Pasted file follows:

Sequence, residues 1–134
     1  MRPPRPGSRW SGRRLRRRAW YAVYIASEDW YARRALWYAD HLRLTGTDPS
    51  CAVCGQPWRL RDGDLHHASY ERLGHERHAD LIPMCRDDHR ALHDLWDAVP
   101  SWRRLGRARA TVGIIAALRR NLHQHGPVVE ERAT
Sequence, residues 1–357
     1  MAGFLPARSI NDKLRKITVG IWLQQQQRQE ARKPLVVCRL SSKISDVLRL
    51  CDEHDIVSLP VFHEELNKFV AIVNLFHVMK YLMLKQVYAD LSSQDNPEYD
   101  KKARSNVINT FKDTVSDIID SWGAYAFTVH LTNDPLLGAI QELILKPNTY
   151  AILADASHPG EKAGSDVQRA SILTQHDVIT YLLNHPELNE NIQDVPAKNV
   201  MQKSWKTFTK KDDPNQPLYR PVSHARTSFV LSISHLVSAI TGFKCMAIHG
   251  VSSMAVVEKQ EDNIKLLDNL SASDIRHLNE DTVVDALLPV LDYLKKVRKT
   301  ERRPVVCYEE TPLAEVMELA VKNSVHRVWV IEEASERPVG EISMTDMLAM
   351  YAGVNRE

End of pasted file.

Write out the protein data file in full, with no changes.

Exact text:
Sequence, residues 1–134
     1  MRPPRPGSRW SGRRLRRRAW YAVYIASEDW YARRALWYAD HLRLTGTDPS
    51  CAVCGQPWRL RDGDLHHASY ERLGHERHAD LIPMCRDDHR ALHDLWDAVP
   101  SWRRLGRARA TVGIIAALRR NLHQHGPVVE ERAT
Sequence, residues 1–357
     1  MAGFLPARSI NDKLRKITVG IWLQQQQRQE ARKPLVVCRL SSKISDVLRL
    51  CDEHDIVSLP VFHEELNKFV AIVNLFHVMK YLMLKQVYAD LSSQDNPEYD
   101  KKARSNVINT FKDTVSDIID SWGAYAFTVH LTNDPLLGAI QELILKPNTY
   151  AILADASHPG EKAGSDVQRA SILTQHDVIT YLLNHPELNE NIQDVPAKNV
   201  MQKSWKTFTK KDDPNQPLYR PVSHARTSFV LSISHLVSAI TGFKCMAIHG
   251  VSSMAVVEKQ EDNIKLLDNL SASDIRHLNE DTVVDALLPV LDYLKKVRKT
   301  ERRPVVCYEE TPLAEVMELA VKNSVHRVWV IEEASERPVG EISMTDMLAM
   351  YAGVNRE